It’s close enough to Black Friday, Small Business Saturday, and Cyber Monday to talk a bit about online shopping. Some very scary statistics from 2017 showed a marked increase in online shopping fraud, using stolen credit and debit card numbers. This is not necessarily surprising because consumers are starting to trust online ordering, and the total number of “eCommerce” transactions were up by 19% over 2016 numbers. Sadly, the number of fraudulent transactions during the 2017 holiday season also increased, to 22% over 2016. And a staggering 1 in 85 transactions online was an attempted fraud. GAH!

Online retailers are taking steps to prevent fraud such as collecting IP addresses and requiring the “CVV” or verification code on the back of the card used for a purchase. But, while they do their part to protect their businesses from fraud (yes, they sustain incredible losses from fraud, it isn’t only the consumer), there are easy steps you can take to minimize the risk of being a victim of credit or debit card fraud:

1. Use Unique Usernames and Passwords for Each Merchant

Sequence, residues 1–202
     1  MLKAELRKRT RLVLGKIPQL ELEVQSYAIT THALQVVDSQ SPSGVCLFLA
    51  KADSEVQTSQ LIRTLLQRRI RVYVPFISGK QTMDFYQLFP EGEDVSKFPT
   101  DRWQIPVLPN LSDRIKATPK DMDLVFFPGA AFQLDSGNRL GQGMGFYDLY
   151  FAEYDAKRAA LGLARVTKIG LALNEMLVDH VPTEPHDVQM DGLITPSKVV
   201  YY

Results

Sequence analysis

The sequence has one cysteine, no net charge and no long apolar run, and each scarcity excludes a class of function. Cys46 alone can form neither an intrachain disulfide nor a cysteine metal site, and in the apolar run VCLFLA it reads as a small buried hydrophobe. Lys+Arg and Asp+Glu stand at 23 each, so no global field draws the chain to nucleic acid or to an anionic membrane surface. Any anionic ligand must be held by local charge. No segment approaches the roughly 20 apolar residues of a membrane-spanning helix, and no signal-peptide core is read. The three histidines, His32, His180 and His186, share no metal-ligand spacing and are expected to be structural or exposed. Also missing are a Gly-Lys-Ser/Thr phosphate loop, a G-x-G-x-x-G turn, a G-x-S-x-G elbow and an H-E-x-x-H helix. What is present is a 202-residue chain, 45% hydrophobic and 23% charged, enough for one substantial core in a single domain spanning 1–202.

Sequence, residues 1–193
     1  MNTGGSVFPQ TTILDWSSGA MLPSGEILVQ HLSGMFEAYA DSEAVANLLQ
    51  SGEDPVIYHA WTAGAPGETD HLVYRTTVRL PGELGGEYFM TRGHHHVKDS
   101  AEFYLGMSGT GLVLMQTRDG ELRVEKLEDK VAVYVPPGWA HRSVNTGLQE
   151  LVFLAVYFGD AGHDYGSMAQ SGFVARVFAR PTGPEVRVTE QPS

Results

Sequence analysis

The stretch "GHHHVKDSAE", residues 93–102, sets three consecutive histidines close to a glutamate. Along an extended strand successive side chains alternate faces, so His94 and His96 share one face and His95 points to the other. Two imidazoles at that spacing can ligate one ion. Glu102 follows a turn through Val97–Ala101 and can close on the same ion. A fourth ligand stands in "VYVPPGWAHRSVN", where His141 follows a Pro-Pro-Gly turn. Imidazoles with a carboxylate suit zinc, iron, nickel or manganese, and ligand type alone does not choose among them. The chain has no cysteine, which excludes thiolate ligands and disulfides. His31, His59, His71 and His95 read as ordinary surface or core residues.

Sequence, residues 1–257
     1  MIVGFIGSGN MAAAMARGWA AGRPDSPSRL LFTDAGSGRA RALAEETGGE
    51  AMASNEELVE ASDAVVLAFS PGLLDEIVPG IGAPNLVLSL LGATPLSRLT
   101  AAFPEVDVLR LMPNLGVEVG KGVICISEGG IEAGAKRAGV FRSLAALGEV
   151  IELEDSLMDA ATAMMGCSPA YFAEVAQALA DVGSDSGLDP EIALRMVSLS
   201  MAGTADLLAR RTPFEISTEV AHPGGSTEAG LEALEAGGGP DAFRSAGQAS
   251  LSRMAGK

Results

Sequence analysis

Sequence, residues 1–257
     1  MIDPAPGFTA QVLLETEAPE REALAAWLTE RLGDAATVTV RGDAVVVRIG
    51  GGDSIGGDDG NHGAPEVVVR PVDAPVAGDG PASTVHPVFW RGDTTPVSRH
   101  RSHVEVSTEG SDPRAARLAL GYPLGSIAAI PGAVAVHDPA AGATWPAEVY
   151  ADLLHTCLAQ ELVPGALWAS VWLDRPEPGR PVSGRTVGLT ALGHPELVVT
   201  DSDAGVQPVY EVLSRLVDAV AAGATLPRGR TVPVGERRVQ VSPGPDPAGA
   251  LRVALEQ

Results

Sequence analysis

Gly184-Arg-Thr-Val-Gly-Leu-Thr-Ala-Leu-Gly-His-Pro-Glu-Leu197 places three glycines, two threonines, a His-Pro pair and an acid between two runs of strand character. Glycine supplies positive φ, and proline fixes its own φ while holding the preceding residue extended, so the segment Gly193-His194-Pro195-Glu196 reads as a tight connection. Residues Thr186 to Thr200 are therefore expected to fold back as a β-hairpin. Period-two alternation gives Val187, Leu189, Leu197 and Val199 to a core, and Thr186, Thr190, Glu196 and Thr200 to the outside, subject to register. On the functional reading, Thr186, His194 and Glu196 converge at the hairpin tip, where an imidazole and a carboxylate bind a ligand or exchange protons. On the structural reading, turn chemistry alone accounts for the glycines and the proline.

Never reuse usernames and passwords for multiple merchants. If the retailer is compromised, and your login is stolen, thieves can log in to other sites using your information and make unauthorized purchases. This time of year, shipping and billing addresses often differ, so that delivery address discrepancy may not trigger a “potential fraud” flag on the merchant side. Yes, it can be a pain, but so can losing all of your holiday money temporarily until the bank refunds your fraudulent losses.

2. Check the HTTP (S)

The “s” at the end of the hypertext transfer protocol (you bet I had to look that one up) means, “secure.” The security includes data encryption. When you are on a site with only, “http” the data sent to the site can be intercepted by a third party.

3. Use the Code on the Back of the Card

The three or four digit verification number on your credit or debit card is requested to prove that you have the physical card in your possession when making a purchase. In addition to a billing address and card number match, the code can help reduce fraud by requiring a third data point for a purchase.

4. Limit the Potential Financial Loss

This is particularly important for debit card users who shop online this holiday season. Have a second (free) checking account with a debit card for online purchases, and only put enough in the account to cover your shopping budget. This limits the potential loss if the card used online is compromised. And always use the same card, tied to the dedicated account, when shopping online, or traveling.

5. Keep Copies of Everything and Watch Your Accounts and Statements